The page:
I completed reading a book titled "Old Greek Stories" by James Baldwin.

It features some well known Ancient Heroes such as Theseus & Perseus.

But the way it was told seemed like several nations and locations in that world (Crete/Aegean/Thebes) got their name or origin as a result of some hero's journey. Such as the Formation of Athens.

Are Greek Hero stories rooted in real Life persons ? Were they part of the narrative constructed to glorify a Ruler, or by Inhabitants of a Society to show them of superior pedigree ?

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    Hello and welcome to M&F SE, please take some time to take our tour. Looking at your question, it is indeed interesting but I think it is a bit too wide since you are basically asking about the whole mythology origins. I think you should better focus on an event or a unique character (as many of those events/characters might have many different origins). – Calaom May 15 at 8:50
  • I wanted to flag this question as overly-broad, but if someone is willing to create a community answer to be improved over-time, this could be a good addition to the site instead of hundreds of character/event focused questions. – Calaom May 15 at 8:52
  • Also, I wanted to ask you if your question is focused on Perseus and Theseus since you tagged them to then widen the question to all the heroes. – Calaom May 15 at 8:56

The Wikipedia article for Theseus ends its introduction with this:

As the subject of myth, the existence of Theseus as a real person has not been proven, but scholars believe that he may have been alive during the Late Bronze Age possibly as a king in the 8th or 9th century BC.

This assertion is based on Classical Mythology Tenth Edition. Quoting the relevant parts:

History and Legend. Theseus of all the legendary heroes has the strongest claims to being a real person. As stated above, he was for Plutarch a historical figure and he very likely was one of the kings of Athens perhaps in the ninth or eighth century B.C. But serious historical and chronological problems arise when we try to understand how he appears as the great conqueror of the legendary Minotaur and a king of Athens in the earlier Mycenaean Age and also a later king of Athens who has more serious claims to reality. Were there two Theseuses or only one, around whom all the stories clustered? Some scholars question the traditional dates established for the Dark Age that descended upon Greece after the fall of the Mycenaean kingdoms, ca. 1100–800 B.C.; on the basis of comparative studies, they would eliminate this Dark Age altogether or at least place the chronology of the legendary Mycenaean kings of Athens much closer in time to the chronology of the later historical monarchy, thus making one historical Theseus more comprehensible.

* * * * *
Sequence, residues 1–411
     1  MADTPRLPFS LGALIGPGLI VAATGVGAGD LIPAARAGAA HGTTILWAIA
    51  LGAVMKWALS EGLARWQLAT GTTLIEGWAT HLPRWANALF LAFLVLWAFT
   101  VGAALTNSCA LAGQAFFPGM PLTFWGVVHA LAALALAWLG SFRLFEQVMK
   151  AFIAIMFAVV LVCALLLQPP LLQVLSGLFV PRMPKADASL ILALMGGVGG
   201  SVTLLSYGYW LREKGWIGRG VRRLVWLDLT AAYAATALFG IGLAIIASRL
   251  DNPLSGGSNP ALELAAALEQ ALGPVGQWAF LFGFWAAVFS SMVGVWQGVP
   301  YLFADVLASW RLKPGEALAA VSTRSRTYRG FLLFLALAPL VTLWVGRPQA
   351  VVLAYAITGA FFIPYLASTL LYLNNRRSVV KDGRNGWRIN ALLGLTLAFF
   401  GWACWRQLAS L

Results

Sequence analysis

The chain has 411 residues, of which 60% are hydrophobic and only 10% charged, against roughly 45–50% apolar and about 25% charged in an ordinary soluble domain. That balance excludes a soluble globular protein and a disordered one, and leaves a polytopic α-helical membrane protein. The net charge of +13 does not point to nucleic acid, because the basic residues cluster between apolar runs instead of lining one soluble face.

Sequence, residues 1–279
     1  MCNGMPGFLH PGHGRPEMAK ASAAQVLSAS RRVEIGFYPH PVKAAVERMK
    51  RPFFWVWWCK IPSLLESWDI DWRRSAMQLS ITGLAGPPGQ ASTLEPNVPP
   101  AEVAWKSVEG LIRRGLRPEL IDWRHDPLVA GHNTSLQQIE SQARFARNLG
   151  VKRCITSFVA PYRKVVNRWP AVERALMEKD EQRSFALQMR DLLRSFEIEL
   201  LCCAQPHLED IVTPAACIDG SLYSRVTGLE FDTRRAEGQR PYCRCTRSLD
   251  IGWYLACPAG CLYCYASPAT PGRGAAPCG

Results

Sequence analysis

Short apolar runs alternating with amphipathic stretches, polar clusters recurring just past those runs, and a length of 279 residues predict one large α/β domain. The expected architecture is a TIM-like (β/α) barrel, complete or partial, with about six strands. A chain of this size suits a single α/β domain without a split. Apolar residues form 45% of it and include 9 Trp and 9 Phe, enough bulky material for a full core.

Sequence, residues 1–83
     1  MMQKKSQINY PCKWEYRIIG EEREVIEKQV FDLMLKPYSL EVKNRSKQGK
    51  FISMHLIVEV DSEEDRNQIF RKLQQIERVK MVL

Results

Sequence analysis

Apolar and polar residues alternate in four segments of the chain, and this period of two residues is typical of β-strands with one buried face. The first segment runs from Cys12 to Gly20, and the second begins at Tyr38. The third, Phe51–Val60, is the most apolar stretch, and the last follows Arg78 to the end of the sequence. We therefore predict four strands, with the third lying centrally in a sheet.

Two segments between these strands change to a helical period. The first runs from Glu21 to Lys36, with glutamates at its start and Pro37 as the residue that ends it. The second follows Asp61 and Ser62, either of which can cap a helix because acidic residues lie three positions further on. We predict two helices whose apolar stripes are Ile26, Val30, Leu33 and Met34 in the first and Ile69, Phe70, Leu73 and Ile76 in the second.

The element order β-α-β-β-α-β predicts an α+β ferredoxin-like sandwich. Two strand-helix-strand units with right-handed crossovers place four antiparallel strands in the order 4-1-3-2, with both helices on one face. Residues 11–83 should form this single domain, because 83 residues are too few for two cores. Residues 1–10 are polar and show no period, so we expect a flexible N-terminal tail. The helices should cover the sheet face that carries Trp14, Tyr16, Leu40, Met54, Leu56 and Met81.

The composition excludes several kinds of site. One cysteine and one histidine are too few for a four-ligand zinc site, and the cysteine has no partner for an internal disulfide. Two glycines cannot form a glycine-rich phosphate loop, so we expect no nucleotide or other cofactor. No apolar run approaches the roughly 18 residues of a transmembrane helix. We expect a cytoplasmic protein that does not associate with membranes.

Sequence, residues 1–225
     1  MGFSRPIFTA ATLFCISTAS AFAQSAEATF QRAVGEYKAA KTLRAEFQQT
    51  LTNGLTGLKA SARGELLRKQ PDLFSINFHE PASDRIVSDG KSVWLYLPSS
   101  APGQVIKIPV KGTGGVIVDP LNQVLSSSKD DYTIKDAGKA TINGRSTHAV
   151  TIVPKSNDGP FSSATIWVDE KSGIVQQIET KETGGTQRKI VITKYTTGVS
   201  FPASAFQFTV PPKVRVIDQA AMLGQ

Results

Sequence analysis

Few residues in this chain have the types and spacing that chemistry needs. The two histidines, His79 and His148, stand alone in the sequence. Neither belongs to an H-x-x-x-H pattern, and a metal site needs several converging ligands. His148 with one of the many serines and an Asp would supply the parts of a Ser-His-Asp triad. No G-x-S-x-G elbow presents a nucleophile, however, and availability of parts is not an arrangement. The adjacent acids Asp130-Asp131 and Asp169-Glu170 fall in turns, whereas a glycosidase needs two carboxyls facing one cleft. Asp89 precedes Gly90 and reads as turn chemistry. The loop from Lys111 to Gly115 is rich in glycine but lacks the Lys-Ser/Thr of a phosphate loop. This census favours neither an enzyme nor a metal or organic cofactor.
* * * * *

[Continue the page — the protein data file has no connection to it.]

The excavations of Sir Arthur Evans in Crete seem to confirm details of Minoan-Mycenaean and Athenian saga. For one thing, the elaborate palace at Cnossus with its complexity of levels and maze of rooms does suggest a labyrinth. For the history and archaeology of the Minoan and Mycenaean period, see MLS, Chapter 2.

Morford, Mark; Lenardon, Robert J.; Sham, Michael. "Classical Mythology Tenth Edition". Oxford University Press. Oxford University Press.

Worth mentioning too the idea of Euhemerism:

an approach to the interpretation of mythology in which mythological accounts are presumed to have originated from real historical events or personages. Euhemerism supposes that historical accounts become myths as they are exaggerated in the retelling, accumulating elaborations and alterations that reflect cultural mores. It was named for the Greek mythographer Euhemerus, who lived in the late 4th century BC. In the more recent literature of myth, such as Bulfinch's Mythology, euhemerism is termed the "historical theory" of mythology.

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